• American Statistical Association says VAM (value-added method) is not a reliable way to measure teacher quality. While the state-mandated VAM requirement was removed in 2017, many districts are still using it because the state statute still requires that teachers be evaluated based on student progression.
  • Research published by the Economic Policy Institute presents the problems with using student test scores to evaluate teachers.
  • presents strong research, with sources noted, about why standardized tests are not a valid measure of teacher quality.
  • This article includes a video from Florida teacher, Luke Flynt, with hard facts about flaws in the state’s value-added-measurement (VAM) system, which ties teacher performance evaluations to test scores, noting specific instances of how his students’ higher than perfect scores actually brought his evaluating rating down.
  • Professor David Berliner at Arizona State University demonstrates why standardized tests reflect the demographics of the students who are tested and ignore teacher behavior.
  • Working paper from a professor and student at Brown University indicating that increasing test scores do not correlate to quality teaching.

The Validity of the FSA

If test scores are being used for high stakes decision, it stands to reason that the test itself should be proven valid. In 2015, the Florida Commissioner of Education testified that the FSA had been validated in Utah, where many of the test bank questions were created. When asked to deliver reports from that validation, no such reports surfaced. Legislators rightfully ordered an independent verification of the FSA in order to test its validity and ensure it is being used for its accurate purposes. Although not truly independent, (the company selected to conduct the study, Alpine Testing Solutions partnered with EdCount. EdCount is a partner of the original test creator, AIR, and the project team included many AIR employees), the study did bring forth several material discrepancies questioning the validity of the test [view the full report here:]:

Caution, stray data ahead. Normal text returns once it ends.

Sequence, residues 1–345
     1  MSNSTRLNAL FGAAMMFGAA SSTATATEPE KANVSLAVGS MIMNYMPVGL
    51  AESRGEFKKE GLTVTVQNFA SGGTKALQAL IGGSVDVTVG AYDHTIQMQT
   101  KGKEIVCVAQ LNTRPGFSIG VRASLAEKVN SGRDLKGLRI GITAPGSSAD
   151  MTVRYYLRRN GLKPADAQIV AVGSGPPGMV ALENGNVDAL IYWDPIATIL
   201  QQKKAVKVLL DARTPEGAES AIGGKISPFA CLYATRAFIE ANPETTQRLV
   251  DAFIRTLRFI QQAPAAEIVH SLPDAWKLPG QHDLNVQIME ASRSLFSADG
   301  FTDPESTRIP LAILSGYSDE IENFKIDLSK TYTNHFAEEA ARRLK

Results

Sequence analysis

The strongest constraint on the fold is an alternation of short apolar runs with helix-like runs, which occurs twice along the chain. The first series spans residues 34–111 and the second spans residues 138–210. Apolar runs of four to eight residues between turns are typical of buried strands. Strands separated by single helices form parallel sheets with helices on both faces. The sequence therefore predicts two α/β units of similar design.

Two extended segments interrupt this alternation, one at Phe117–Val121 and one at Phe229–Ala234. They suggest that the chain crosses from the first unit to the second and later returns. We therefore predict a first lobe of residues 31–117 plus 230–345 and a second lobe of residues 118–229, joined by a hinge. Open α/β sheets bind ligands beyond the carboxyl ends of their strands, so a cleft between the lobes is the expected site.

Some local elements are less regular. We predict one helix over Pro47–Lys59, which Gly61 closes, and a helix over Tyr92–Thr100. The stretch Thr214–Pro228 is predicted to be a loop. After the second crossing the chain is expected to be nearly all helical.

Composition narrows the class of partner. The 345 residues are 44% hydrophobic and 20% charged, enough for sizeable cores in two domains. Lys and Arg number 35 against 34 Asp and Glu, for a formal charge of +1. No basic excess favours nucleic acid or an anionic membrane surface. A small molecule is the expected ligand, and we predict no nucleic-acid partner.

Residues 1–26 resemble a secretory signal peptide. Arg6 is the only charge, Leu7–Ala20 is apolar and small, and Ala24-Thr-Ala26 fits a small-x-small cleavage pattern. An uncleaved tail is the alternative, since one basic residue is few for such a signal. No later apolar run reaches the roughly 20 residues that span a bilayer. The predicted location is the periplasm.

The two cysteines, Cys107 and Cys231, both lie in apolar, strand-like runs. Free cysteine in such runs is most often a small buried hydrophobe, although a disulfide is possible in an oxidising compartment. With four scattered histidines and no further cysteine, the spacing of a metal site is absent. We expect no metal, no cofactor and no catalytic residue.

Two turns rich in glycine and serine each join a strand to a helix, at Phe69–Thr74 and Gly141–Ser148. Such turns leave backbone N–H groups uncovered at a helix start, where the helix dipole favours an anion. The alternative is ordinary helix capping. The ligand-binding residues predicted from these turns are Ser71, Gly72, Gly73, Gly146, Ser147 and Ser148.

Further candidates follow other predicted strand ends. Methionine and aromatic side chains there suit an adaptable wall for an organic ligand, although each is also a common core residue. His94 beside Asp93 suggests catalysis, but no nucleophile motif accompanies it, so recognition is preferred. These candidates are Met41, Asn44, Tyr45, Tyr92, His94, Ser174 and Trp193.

• Although one of the purported purposes of the Florida Standards (which the test is designed to measure) is to increase rigor in schools, the validity study noted that the administration of the FSA does not meet that qualification: “The evaluation team can reasonably state that the spring 2015 administration of the [Florida Standards Assessments] did not meet the normal rigor and standardization expected with a high-stakes assessment program like the FSA.” (Validity report, page 14)
  • The study confirmed that the questions on the FSA are aligned to Utah standards, which may vary significantly from those in Florida. According to the executive summary: “the items were originally written to measure the Utah standards rather than the Florida standards. While alignment to Florida standards was confirmed for the majority of items reviewed via the item review study, many were not confirmed, usually because these items focused on slightly different content within the same anchor standards.” (Validity report, page 47)
  • The report recommended that results from the computer-based FSA not be used as a sole factor in student-level consequences, such as retention or remediation, and yet it is being used for this purpose in many districts. In fact, there is no mention in the study that the test is valid for its intended purpose, which is to assist teachers and improve learning. (Validity report, page 20)
  • The study was intended to review a full range of FSA tests, including 3rd through 10th grade English Language Arts (ELA), 3rd through 8th grade Math and several high school tests including Algebra 1 and 2. The report, however, left out 11 of the 17 exams the study was supposed to measure. (Validity report, page 7)